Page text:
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Sullivan’s Balloons

Family, friends celebrate 18th birthday of boy killed by drunk driver

Posted: November 22, 2017 4:46 p.m.
Updated: November 24, 2017 1:00 a.m.
Martin L. Cahn/C-I

Many of the 177 balloons released at 1:44 p.m. Wednesday to celebrate the late Sullivan Spradley’s 18th birthday float through the air over Lugoff. Sullivan’s family sold the balloons, T-shirts and other items to raise money for a scholarship in his name that will assist yet-to-be-awarded members of the Lugoff-Elgin High School Class of 2018, with whom he would have graduated next May.

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Nearly 200 people gathered at the Kershaw County Recreation West Complex on Wednesday to celebrate the 18th birthday of a boy killed 12 ½  years ago by a drunk driver.

Sullivan Spradley died on Father’s Day 2005 when a drunk driver struck him while he was riding his bike with his father and a cousin near his home on Shivers Green Road. He was only 5 years old.

Those gathered at the West Complex -- who included Sullivan’s parents, Tim and Tonya Spradley; brothers, Spencer, Sawyer and Saxon; and hundreds of other family members, friends and law enforcement officers -- released 100 balloons in his honor at exactly 1:44 p.m., the time of his birth 18 years ago. The family and their supporters sold the balloons, along with T-shirts and other items to raise money for a special scholarship to benefit yet-to-be selected members of the Lugoff-Elgin High School Class of 2018, with whom Sullivan would have graduated next May.

Tim said about five or six of those eligible students attended kindergarten with Sullivan all those years ago.

“We’re not just giving the scholarship away; they will have to write some kind of paper,” Tim Spradley said.

Tonya said they are still nailing down the specifics, but believes they will award multiple scholarships.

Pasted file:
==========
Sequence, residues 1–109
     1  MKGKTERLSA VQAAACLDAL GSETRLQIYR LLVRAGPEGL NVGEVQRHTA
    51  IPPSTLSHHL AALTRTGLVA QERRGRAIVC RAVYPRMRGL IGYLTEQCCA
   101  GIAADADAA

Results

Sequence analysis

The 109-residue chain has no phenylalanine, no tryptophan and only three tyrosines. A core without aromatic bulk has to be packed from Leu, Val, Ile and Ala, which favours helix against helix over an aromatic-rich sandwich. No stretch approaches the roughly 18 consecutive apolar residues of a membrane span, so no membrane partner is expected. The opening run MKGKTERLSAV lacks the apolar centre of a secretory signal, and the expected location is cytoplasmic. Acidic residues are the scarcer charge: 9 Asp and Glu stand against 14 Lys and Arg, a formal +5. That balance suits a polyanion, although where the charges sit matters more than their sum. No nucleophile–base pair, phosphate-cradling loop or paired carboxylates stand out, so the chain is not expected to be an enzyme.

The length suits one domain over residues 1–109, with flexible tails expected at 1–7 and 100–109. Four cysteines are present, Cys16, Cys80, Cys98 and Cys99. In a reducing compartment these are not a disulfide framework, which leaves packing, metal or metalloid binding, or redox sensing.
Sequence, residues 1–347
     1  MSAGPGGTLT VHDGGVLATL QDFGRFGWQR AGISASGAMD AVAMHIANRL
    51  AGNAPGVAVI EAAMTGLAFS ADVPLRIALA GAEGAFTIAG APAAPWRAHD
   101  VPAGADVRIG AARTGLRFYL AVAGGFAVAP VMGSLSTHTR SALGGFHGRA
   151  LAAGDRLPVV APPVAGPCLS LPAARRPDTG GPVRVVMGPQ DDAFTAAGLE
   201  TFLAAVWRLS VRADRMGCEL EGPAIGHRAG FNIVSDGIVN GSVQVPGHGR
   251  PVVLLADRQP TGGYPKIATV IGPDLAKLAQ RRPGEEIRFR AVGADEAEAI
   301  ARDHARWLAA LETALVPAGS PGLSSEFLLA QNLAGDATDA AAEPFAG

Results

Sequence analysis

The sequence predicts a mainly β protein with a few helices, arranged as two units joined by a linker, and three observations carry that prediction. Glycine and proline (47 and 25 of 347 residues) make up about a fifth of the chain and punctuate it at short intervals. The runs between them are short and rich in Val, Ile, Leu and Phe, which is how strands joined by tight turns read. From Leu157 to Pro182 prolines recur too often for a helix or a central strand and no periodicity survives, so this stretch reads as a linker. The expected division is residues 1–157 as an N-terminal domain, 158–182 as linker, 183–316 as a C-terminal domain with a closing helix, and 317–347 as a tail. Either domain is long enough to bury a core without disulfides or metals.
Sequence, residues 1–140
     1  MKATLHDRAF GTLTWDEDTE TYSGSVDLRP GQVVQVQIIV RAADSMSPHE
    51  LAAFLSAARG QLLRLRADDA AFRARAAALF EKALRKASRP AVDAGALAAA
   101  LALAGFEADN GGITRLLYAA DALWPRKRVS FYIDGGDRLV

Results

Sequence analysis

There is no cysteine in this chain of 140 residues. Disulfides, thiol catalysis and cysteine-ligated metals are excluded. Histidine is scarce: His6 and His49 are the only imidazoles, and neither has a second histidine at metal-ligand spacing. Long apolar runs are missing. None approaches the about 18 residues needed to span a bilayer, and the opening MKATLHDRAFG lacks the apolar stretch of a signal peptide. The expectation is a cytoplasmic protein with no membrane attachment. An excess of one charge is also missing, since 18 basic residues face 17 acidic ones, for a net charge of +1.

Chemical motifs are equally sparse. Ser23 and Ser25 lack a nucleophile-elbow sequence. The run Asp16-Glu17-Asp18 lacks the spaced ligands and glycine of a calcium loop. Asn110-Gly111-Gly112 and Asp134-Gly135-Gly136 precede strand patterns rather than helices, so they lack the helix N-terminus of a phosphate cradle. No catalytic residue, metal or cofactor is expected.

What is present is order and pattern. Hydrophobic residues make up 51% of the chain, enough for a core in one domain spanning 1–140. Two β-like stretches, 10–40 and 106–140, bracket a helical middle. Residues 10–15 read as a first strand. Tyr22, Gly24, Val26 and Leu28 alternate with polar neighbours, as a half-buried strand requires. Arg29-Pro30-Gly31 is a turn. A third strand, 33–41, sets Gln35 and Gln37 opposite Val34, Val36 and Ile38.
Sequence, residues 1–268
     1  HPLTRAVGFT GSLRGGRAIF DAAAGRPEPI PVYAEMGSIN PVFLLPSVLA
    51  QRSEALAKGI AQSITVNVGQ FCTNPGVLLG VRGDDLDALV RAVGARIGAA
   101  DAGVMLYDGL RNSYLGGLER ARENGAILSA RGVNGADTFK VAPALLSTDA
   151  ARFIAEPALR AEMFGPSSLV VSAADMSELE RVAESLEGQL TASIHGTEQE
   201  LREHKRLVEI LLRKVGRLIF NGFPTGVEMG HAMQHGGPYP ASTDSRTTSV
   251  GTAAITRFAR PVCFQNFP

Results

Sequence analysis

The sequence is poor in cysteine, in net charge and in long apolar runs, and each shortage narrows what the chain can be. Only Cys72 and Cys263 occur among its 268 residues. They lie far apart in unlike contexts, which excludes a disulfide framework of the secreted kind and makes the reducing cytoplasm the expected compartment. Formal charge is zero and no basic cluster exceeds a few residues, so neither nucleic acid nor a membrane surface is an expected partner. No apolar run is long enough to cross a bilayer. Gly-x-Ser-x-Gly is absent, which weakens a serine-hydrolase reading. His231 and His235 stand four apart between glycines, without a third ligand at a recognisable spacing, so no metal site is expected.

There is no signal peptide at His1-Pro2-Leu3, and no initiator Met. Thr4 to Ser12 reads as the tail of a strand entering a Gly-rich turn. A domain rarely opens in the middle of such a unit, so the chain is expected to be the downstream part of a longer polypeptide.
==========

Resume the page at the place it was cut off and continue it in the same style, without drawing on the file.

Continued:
Pictures of their son, including photo albums, were displayed on a picnic table. Cupcakes were also available for attendees to enjoy.

While it’s been nearly 13 years since they lost their son, Tim and Tonya Spradley said they have managed to keep going.

“We just keep on. We have to,” Tim said. “We have no choice.”

“With a lot of prayer,” Tonya added.

While Sawyer, 10, and Saxon, 9, were not yet born when Sullivan died, his now 16-year-old brother Spencer, was 3 and does have memories of him.

“I remember little stuff, especially when I look at the pictures,” Spencer said. “I remember one Christmas we had a gator in the living room.”

An electric-powered gator, that is, something like a power wheel toy.

“I also remember, at Wateree (Elementary School) when they did the painting on the wall for him,” he said.

Tonya said Saywer and Saxon always want to hear stories about the brother they never got to meet.

“They like to see pictures and watch videos we have of him, and they talk about which one of them looks more like Sullivan,” she said.

With many tears in many eyes, those gathered sang “Happy Birthday’’ to Sullivan just before releasing the balloons, which then floated away through the Lugoff skies.

To learn more about Sullivan’s story and to see pictures of him, visit


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